November 19, 2020


Former President of Montenegro on video conference on the Western Balkans
Former Montenegrin President Filip Vujanović participated in a video conference dedicated to relations in the Western Balkans, co-organized by the National Committee on American Foreign Policy (NCAFP), the Nizami Ganjavi International Center (NGIC), and the Foundation for Share Society and Values (FSSV). Besides the former President of Montenegro, other participants to the conference were Zlatko Lagumdžija, former President of the Council of Ministers and Minister of Foreign Affairs of Bosnia and Herzegovina, Mirko Cvetković, former Prime Minister of Serbia, John Connorton, Secretary of the NCAFP, and Matthew Niemec, former Special US President Bill Clinton’s envoy for mediation in the name dispute between Greece and North Macedonia. The video conference’s moderator was Susan Eliot, president and director of the NCAFP.

The topics of the video conference were the fate of the so-called Mini Schengen initiative in the light of the Economic and Investment Plan for the Western Balkans presented in October and concrete proposals for cooperation in the upcoming period between the Western Balkan countries on their path towards European Union.

Concerning the first topic of the video conference and the Mini Schengen initiative’s fate, former President Filip Vujanović stated that Mini Schengen’s idea is a thing of the past and became unnecessary last Western Balkans Summit in Sofia, co-chaired by Bulgaria and North Macedonia. The European Union’s relationship with the Western Balkans has been given a clear and strong framework through the Berlin Process initiative. This initiative was launched in August 2014 by German Chancellor Angela Merkel. A month earlier, she participated in the Brdo-Brioni Initiative Summit in Croatia. At this Summit, Chancellor Merkel and presidents of the Western Balkans, Croatia and Slovenia expressed a clear expectation of more robust and more concrete European Union support for the Western Balkans.

After many years of cooperation and numerous summits of the Western Balkans and the EU leaders, the Berlin Process received a clear direction at the Summit in Sofia on November 10, 2020. Two Declarations were adopted at the Summit: on the Common Regional Market and the Green Agenda for the Western Balkans. By committing to the Common Regional Market foundation, the Western Balkan countries’ leaders have committed themselves to cooperation in common trade, digital, investment, innovation, and industrial space. Indeed, the above-mentioned facilitates and accelerates people’s free movement and the movement of capital, goods, and services with the advantage of digital connectivity. All these values have been put into a function to remedy the consequences of the COVID-19 pandemic. Along with the Declaration, an Action Plan for its implementation was adopted, with established obligations and deadlines. Montenegro will undoubtedly be a reliable partner in respecting these essential agreements between the EU and the Western Balkans.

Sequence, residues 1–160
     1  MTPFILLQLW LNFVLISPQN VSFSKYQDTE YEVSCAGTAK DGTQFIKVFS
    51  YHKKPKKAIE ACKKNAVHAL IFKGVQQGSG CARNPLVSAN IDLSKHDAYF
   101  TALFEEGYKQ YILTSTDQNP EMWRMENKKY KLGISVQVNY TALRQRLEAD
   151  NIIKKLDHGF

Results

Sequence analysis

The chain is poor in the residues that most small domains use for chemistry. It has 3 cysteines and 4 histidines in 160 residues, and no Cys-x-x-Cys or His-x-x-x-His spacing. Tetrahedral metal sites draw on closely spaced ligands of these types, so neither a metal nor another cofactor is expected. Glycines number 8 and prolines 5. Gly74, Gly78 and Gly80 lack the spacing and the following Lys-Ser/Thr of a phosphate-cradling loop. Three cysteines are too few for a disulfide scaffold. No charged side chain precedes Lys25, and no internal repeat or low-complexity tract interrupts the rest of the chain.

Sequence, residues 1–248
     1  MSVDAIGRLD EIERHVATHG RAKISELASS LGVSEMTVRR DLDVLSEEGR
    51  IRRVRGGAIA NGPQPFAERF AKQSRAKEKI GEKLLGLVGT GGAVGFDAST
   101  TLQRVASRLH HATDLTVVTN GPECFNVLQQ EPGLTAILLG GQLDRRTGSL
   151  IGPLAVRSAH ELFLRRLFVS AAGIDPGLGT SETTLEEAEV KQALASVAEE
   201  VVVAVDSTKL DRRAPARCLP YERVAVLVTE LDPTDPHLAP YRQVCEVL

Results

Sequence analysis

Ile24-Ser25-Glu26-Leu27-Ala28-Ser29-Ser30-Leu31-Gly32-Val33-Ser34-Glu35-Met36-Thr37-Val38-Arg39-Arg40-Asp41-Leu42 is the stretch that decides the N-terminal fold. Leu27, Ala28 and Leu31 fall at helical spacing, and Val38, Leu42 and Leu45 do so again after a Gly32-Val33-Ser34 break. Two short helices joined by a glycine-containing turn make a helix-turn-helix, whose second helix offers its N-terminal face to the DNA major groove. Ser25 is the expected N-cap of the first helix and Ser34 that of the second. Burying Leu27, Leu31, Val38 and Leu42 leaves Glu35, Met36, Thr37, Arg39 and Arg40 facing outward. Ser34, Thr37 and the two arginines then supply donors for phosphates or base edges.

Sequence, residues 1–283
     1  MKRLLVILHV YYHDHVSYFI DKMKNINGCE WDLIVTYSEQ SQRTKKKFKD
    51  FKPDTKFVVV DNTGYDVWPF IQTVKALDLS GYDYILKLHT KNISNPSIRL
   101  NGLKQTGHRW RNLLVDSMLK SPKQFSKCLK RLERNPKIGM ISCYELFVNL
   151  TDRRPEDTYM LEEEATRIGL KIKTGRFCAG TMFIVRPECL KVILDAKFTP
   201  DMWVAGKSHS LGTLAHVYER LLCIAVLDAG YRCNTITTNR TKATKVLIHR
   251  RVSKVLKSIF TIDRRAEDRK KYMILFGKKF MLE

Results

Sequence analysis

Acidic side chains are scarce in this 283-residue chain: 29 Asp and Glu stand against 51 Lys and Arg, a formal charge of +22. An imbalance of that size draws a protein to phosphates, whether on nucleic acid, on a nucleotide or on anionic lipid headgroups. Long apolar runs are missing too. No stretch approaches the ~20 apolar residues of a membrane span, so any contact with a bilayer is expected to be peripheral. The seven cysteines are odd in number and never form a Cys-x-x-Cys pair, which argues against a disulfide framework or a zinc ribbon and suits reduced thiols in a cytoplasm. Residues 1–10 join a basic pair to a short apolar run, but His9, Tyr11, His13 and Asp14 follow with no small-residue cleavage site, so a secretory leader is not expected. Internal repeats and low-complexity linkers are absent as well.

One can state that thanks to the Berlin Process and the European Union, the obligation to constitute the Common Regional Market was accepted, which includes everything that was the ambition of Mini Schengen, determining a much broader content of cooperation than envisaged by Mini Schengen. The initiative had a good goal - a stronger regional connection of the Western Balkan countries. Still, it’s creators chosen a lousy way to achieve that goal because, at the same level and immediately, it had to include Montenegro, Bosnia and Herzegovina, and Kosovo. Concluding the first part of the discussion, former President Filip Vujanović stated that the constituted Common Regional Market is a solid framework and a strong chance for further regional integration.

The former President of Montenegro pointed out the numerous possibilities that the recently presented European Commission’s Economic and Investment Plan provides to implement the Common Regional Market idea. This plan designs an excellent opportunity to enhance regional cooperation in all fields, primarily through more solid infrastructure and energy connectivity, which along with digital transformation, is a crucial segment of improving the Western Balkans’ business environment and a chance to attract foreign investment.

Speaking on the European and Euro-Atlantic perspective of Montenegro and the region, former President Vujanovic reminded that Montenegro is a credible member of NATO. Montenegro has made the greatest progress towards the EU membership path among Western Balkans, with all chapters opened and three temporarily closed. He also stated that without Western Balkans, the European Union could not be successful as an idea nor will be fulfilled project. President Filip Vujanovic recognized the need to fulfill previously agreed obligations and better implementation of contracted projects as crucial elements for strengthening the Western Balkans’ European perspective and fostering regional relations. He concluded that Western Balkan countries must be more focused and proactive when approaching the implementation of already contracted projects whose goal is to strengthen the ties within the Western Balkans.


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